84. Gozal D, Kheirandish-Gozal L. Cardiovascular morbidity in obstructive sleep apnea: oxidative stress, inflammation, and much more. Am J Respir Crit Care Med. 2008;177(4):369–75.

    Article  CAS  PubMed  Google Scholar 

  85. Lavie L. Oxidative stress in obstructive sleep apnea and intermittent hypoxia–revisited–the bad ugly and good: implications to the heart and brain. Sleep Med Rev. 2015;20:27–45.

    Article  PubMed  Google Scholar 

  86. Turkiewicz S, Ditmer M, Sochal M, Białasiewicz P, Strzelecki D, Gabryelska A. Obstructive Sleep Apnea as an Acceleration Trigger of Cellular Senescence Processes through Telomere Shortening. Int J Mol Sci. 2021;22(22):12536.

  87. Ren H, Ling Y, Cao R, Wang Z, Li Y, Huang T: Early warning of emerging infectious diseases based on multimodal data. Biosafety and health 2023.

  88. Li T, Huang T, Guo C, Wang A, Shi X, Mo X, Lu Q, Sun J, Hui T, Tian G, et al. Genomic variation, origin tracing, and vaccine development of SARS-CoV-2: A systematic review. Innovation (Cambridge (Mass)). 2021;2(2):100116.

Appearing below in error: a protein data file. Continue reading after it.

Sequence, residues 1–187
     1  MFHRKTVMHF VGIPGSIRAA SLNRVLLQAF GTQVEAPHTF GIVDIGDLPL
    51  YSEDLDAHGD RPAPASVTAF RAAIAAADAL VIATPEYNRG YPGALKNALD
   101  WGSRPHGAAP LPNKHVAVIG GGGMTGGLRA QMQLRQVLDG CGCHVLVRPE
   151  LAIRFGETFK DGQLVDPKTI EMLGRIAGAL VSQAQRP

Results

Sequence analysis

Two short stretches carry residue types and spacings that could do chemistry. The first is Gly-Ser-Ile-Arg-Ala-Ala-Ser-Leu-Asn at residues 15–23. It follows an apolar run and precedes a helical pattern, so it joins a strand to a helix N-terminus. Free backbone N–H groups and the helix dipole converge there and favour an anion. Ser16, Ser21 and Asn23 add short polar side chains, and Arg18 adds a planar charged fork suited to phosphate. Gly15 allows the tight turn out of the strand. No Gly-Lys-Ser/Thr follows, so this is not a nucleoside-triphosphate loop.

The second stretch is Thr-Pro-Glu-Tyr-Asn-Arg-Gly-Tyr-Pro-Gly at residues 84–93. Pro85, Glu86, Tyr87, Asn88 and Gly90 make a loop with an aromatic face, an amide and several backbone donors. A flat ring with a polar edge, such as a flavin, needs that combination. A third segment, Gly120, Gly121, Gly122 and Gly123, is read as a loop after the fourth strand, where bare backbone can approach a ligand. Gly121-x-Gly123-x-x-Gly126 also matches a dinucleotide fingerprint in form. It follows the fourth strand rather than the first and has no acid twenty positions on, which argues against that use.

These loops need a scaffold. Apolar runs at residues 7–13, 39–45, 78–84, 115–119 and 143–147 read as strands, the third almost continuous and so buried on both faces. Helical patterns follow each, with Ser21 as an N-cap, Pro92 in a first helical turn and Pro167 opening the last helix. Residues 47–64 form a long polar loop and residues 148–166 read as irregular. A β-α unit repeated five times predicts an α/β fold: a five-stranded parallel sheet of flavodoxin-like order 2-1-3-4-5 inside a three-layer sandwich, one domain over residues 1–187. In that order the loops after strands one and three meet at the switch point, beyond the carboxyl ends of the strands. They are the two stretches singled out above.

CAS  Google Scholar 

  89. Chen TF, Chang YC, Hsiao Y, Lee KH, Hsiao YC, Lin YH, Tu YE, Huang HC, Chen CY, Juan HF. DockCoV2: a drug database against SARS-CoV-2. Nucleic Acids Res. 2021;49(D1):D1152-d1159.

    Article  CAS  PubMed  Google Scholar 

  90. Wishart DS, Feunang YD, Guo AC, Lo EJ, Marcu A, Grant JR, Sajed T, Johnson D, Li C, Sayeeda Z, et al. DrugBank 5.0: a major update to the DrugBank database for 2018. Nucleic Acids Res. 2018;46(D1):D1074-d1082.

    Article  CAS  PubMed  Google Scholar 

Download references


Not applicable.


This study was supported by the National Natural Science Foundation of China (Grant Nos. 92169107).

Author information

Authors and Affiliations